Census to Shine a Light on ‘Hidden’ Family Violence Workers
Friday, 28th April 2017 at 1:31 pm
A new census has been launched to find Victoria’s “hidden” family violence workers.
The census, which is a result of the Victorian Royal Commission into Family Violence, gives workers the opportunity to have a voice on the key issues affecting them.
The information collected will be used by the Victorian government to shape the 10-year Family Violence Industry Plan to be released in December 2017.
Victorian Council of Social Service CEO Emma King told Pro Bono News they wanted to get a sense of how big the workforce was.
“This is about finding Victoria’s ‘hidden’ family violence workers,” King said.
“Victoria’s family violence workforce is much broader than people think.
“Family violence touches people across a whole range of jobs and professions, not just specialist frontline responders.
“We want to get a sense of just how big and diverse the entire workforce really is, including the so-called ‘hidden’ workforce.”
— VCOSS (@VCOSS) April 20, 2017
The Department of Premier and Cabinet has engaged KPMG to design and deliver the census, which was developed in consultation with family violence practitioners, service providers, trade unions and workers, with the support of VCOSS and Domestic Violence Victoria.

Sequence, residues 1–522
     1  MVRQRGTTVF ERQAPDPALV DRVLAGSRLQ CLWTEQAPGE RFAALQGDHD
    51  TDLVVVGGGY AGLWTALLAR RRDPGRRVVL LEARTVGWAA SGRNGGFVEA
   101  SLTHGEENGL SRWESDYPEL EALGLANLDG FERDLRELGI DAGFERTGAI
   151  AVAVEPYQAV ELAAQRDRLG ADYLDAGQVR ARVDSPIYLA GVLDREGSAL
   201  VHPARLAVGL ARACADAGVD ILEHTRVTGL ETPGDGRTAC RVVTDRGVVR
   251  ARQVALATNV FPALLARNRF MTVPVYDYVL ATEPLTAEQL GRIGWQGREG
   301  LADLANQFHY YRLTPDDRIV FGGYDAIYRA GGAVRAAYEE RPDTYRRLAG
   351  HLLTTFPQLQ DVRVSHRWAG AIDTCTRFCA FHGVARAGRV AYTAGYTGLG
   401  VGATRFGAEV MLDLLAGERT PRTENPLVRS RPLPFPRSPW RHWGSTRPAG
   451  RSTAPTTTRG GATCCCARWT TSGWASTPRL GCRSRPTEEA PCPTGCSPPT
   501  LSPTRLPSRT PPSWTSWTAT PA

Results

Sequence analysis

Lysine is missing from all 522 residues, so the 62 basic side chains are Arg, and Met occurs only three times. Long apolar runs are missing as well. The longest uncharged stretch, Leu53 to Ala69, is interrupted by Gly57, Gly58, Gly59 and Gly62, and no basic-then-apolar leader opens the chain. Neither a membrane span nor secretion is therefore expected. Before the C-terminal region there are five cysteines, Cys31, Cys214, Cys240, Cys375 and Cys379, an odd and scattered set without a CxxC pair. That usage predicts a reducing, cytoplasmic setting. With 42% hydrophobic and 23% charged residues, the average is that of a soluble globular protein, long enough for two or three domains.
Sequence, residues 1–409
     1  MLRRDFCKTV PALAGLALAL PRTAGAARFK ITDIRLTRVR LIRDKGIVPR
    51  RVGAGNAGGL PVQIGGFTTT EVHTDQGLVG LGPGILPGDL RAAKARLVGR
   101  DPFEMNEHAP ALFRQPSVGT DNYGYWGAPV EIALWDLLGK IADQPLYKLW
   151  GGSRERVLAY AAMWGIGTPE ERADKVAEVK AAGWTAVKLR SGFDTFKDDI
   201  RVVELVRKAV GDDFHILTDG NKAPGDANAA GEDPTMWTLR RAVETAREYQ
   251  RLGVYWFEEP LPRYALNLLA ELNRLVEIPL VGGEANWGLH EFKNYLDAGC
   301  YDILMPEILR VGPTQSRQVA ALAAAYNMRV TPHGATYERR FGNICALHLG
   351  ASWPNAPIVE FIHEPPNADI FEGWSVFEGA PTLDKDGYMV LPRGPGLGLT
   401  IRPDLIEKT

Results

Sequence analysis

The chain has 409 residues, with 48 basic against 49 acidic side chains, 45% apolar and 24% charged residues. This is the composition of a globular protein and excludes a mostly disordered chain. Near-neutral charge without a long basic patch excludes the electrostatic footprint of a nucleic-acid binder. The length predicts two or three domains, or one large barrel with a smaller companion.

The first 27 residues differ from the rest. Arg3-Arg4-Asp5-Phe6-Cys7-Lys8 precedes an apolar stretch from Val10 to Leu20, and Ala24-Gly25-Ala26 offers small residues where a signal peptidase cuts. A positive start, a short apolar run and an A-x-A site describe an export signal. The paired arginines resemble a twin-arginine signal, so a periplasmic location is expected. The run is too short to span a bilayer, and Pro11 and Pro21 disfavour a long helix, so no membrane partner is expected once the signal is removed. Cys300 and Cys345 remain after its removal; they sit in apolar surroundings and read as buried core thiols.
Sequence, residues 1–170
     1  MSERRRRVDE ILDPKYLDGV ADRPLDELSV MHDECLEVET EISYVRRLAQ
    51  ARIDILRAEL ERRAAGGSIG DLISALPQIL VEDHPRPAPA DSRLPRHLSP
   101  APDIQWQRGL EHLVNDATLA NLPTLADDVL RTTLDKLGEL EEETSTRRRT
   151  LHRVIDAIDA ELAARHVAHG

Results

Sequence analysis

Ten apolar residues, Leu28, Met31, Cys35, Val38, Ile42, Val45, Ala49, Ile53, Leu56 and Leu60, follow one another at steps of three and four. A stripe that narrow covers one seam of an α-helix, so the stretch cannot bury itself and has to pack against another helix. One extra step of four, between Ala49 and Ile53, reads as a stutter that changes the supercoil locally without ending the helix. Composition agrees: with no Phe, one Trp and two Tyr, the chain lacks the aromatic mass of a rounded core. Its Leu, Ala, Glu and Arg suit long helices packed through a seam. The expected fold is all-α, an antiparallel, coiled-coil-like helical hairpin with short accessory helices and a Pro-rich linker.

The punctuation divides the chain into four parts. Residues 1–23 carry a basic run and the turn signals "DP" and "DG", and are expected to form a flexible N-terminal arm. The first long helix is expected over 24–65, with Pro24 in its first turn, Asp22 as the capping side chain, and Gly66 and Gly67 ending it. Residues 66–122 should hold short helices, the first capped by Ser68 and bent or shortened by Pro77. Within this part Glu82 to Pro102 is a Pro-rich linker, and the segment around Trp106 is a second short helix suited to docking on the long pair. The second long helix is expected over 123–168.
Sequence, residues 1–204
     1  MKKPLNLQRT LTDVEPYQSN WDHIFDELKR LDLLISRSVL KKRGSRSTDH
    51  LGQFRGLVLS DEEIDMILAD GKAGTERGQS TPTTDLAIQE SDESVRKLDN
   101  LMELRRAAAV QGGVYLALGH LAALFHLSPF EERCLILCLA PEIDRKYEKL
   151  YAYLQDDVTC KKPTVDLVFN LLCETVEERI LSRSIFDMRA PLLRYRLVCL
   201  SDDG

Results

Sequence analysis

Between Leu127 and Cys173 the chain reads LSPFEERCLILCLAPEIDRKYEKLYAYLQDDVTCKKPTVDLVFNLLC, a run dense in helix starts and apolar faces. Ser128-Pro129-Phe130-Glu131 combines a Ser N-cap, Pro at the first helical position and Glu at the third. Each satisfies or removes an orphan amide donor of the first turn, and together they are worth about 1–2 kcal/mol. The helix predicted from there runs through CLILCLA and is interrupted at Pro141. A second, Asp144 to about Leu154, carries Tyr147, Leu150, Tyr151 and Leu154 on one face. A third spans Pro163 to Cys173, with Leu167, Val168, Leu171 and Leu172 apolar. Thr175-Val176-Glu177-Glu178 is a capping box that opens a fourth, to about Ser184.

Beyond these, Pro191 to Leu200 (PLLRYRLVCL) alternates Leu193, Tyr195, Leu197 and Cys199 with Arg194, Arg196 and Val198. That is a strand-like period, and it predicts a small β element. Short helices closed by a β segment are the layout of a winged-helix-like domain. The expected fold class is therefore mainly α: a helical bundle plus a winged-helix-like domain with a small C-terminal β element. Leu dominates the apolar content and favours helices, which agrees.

Questions relate to demographics and occupational data, qualifications, access to professional development, workload, working conditions and remuneration, health and wellbeing and future intentions.
It is voluntary and does not collect any personal identifiers such as name, address or date of birth.
According to the state government strong participation in the census will help it address the industry challenges highlighted by the Royal Commission into Family Violence and enable a more systematic approach to workforce planning and development.
King said the census was for anyone whose job brought them into contact with survivors or perpetrators.
“This census is for people working in education, health, community organisations, housing services, journalists, academics, financial services, child and family services and more,” she said.
“Anybody whose job brings them into contact with survivors or perpetrators. Even if you think the census is not relevant to you, it probably is.
“The more we learn about all the different people who interact the with family violence in Victoria, the better we can tailor policies and workforce support.”
The workforce census is open until 5 May 2017. For more information see here.